Doc Fix Could Depend on Post-Acute Care
In 1997, as part of the Balanced Budget Act, the Medicare Sustainable Growth Rate (SGR) was enacted in an attempt to manage Medicare’s spending on physician services. Every year since the SGRs inception, Congress has attempted to avoid implementing its proposed physician reimbursement cuts.
This past March, another “patch” was plastered on the SGR – marking the 17th time Congress has delayed the reimbursement cuts, for a combined cost of $150 billion. But, this fix is a bit different. Congress is actually visiting real solutions and repeal of the SGR. With the latest doc fix issued until March 2015, Congress is on the clock to iron out the terms of a permanent SGR fix.
The biggest issue with repealing the SGR is determining how to pay for it. The Congressional Budget Office estimates that a 10-year fix will cost $121 billion.
The Engelberg Center for Health Care Reform at the Brookings Institution determined a list of potential contributing factors – the largest of which restructures payment for post-acute care. Post-acute care has seen exponential growth over the last several years, making the potential for savings in the industry immeasurable.
Currently, post-acute care payment is determined by the Centers for Medicare & Medicaid Services (CMS). CMS decides when and what it will pay, with the rules varying based on each of the many post-acute settings. Brooking’s recalibration of the industry’s payment would eliminate the CMS’s decision making, and instead delegate decisions to the hospitals and post-acute care facilities.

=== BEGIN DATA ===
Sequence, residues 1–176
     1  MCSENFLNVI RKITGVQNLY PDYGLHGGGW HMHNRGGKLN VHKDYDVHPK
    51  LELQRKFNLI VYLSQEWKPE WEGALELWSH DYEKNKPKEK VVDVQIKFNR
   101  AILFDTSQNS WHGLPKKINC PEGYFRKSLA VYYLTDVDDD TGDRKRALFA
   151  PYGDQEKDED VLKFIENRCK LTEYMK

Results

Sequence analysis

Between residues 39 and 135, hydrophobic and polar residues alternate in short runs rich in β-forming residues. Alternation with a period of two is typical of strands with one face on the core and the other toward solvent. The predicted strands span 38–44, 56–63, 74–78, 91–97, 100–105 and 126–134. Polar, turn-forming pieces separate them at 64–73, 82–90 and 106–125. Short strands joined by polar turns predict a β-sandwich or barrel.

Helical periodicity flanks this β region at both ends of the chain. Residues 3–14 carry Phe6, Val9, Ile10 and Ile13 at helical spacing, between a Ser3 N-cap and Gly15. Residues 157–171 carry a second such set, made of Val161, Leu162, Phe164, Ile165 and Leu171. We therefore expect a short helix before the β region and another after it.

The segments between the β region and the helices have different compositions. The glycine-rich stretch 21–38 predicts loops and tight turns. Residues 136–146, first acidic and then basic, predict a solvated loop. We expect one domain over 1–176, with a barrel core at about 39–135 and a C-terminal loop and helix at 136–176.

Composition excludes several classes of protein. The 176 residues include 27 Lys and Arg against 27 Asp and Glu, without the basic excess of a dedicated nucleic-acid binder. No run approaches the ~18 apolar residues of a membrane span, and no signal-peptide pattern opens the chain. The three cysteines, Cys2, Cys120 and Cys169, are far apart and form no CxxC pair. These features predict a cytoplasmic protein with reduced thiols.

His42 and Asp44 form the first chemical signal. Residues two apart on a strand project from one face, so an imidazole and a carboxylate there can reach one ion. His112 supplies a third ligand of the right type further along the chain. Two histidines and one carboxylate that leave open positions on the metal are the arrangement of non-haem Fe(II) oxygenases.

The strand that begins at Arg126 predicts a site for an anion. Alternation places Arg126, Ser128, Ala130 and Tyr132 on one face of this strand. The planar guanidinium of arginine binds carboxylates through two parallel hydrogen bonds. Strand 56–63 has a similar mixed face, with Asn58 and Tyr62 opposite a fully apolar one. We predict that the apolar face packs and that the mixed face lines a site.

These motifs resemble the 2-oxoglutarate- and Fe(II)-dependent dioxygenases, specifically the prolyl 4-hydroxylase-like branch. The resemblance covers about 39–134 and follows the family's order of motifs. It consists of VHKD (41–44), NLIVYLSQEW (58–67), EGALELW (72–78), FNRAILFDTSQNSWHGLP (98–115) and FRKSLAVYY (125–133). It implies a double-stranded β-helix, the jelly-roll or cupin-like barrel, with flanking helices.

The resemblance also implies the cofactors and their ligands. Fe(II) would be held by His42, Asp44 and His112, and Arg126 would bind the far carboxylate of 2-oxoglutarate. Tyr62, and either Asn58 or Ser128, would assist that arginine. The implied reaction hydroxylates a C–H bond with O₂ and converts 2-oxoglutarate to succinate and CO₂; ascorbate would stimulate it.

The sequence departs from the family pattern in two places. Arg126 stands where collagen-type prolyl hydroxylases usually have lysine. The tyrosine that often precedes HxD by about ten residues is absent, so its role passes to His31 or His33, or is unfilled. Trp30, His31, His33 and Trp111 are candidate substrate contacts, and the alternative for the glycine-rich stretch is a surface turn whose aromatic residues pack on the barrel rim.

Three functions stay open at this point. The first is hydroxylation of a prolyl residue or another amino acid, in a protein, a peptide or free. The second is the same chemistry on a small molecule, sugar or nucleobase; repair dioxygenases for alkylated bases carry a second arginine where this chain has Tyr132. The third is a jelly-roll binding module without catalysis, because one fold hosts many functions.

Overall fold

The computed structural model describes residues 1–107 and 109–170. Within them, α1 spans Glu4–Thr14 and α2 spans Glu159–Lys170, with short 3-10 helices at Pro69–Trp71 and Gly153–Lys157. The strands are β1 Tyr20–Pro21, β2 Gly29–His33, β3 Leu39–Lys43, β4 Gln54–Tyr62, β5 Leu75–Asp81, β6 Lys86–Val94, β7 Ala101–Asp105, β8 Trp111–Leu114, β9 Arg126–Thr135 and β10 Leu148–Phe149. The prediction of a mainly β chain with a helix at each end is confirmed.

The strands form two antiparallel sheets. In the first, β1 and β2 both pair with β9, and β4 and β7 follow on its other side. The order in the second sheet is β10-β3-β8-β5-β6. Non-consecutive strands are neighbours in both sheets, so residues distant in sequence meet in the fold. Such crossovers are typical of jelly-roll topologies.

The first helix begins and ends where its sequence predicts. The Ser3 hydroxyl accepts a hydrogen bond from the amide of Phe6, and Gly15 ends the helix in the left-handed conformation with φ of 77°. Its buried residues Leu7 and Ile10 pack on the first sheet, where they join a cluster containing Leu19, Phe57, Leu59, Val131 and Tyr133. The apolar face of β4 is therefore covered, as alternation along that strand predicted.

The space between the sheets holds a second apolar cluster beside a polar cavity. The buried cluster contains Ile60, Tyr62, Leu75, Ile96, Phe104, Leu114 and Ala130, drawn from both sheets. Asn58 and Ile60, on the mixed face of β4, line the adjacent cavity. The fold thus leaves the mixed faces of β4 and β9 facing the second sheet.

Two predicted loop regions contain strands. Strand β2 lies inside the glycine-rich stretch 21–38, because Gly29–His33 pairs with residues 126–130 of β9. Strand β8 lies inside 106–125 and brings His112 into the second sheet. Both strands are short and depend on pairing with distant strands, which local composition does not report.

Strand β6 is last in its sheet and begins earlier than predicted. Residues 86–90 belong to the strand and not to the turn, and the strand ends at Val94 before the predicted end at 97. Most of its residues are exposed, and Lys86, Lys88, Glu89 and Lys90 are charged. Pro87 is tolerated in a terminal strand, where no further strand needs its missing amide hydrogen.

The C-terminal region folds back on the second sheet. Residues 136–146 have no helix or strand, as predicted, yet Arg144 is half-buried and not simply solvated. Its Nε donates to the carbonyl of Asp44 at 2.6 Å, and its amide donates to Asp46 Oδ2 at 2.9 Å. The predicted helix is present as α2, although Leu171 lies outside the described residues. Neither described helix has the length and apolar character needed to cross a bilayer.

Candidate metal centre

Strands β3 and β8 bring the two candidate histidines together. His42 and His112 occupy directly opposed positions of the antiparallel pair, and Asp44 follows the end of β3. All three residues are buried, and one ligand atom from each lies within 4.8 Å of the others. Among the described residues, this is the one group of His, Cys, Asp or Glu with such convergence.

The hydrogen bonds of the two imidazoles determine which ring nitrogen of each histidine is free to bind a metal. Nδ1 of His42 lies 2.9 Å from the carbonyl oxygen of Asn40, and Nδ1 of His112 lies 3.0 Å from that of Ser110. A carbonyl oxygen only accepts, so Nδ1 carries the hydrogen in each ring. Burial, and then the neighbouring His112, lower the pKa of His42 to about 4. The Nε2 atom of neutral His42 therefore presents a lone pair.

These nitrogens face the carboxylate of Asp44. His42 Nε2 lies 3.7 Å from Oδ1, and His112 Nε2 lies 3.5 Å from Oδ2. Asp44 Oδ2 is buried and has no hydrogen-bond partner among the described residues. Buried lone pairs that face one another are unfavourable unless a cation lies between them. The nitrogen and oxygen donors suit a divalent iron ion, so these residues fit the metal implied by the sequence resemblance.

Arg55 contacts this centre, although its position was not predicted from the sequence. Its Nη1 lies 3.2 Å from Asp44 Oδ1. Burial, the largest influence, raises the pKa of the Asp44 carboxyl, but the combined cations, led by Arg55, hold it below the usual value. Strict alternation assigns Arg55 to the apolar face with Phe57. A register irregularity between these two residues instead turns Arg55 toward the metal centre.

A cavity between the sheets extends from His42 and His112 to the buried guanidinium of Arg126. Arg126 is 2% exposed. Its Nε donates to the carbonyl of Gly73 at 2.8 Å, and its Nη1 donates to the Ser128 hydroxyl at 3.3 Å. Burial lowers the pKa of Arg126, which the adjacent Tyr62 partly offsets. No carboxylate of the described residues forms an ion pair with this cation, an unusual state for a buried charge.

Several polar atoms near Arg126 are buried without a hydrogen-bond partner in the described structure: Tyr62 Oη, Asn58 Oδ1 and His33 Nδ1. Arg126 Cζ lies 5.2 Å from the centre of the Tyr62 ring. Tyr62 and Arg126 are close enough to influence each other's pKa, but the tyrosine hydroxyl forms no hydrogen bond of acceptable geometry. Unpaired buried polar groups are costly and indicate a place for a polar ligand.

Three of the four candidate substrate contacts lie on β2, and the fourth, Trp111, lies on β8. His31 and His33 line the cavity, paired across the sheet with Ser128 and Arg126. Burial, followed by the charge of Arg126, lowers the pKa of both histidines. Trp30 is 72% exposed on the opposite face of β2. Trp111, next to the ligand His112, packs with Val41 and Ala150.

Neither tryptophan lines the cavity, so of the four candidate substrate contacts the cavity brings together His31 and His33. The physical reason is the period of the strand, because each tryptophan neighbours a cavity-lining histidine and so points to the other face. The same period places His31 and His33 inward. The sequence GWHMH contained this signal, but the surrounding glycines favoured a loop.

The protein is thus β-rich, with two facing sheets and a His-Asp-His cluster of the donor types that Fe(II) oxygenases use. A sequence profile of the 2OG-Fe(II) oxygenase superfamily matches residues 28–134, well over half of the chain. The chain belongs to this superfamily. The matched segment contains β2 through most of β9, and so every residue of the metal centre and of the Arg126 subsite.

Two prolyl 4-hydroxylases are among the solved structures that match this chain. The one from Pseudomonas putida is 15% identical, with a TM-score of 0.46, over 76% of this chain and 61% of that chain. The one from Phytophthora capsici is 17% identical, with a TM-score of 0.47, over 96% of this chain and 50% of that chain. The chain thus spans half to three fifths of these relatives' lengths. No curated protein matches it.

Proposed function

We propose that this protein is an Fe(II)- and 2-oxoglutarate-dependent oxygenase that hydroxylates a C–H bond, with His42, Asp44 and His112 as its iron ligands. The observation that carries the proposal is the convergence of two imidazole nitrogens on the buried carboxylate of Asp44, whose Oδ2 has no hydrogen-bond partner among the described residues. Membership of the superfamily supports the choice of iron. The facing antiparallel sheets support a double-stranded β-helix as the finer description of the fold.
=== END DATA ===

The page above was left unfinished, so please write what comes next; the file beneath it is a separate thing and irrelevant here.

Brookings’s plan calls for a set payment that hospitals would receive for the post-acute care costs of each patient. Once received, it would then be the hospital’s responsibility to stay within budget and determine – along with the post-acute facility physicians – the proper care required for each specific case.
As it’s currently structured, healthcare services using high-end technology or involving surgery receive higher reimbursement. Meanwhile, long-term care receives drastically lower reimbursement rates. This disconnect inflates the amount of costly services being utilized, simply because patients are not receiving the care they truly need.
Hospitals experience the “revolving door” scenario, where patients come in as quickly as patients move out, and fees are being charged on a service basis, rather than an outcome basis. Former Senator William Frist and Steve Schroeder recommend moving away from this fee-for-service strategy and starting to focus more on the quality and value of services.
Allocating additional resources for preventative care – such as post-acute services – will in turn lower hospital readmission rates and reduce the amount spent on costly hospital services.
General Medicine, The Post-Hospitalist Company provides post-hospitalists that specialize in providing an elevated level of post-acute care. Physicians hold regular, on-site office hours, rather than responding to calls or making scheduled visits, contributing to the many benefits all General Medicine patients receive.
If you’re committed to lowering hospital readmission rates, find out how you can partner with General Medicine, The Post-Hospitalist Company by contacting us today.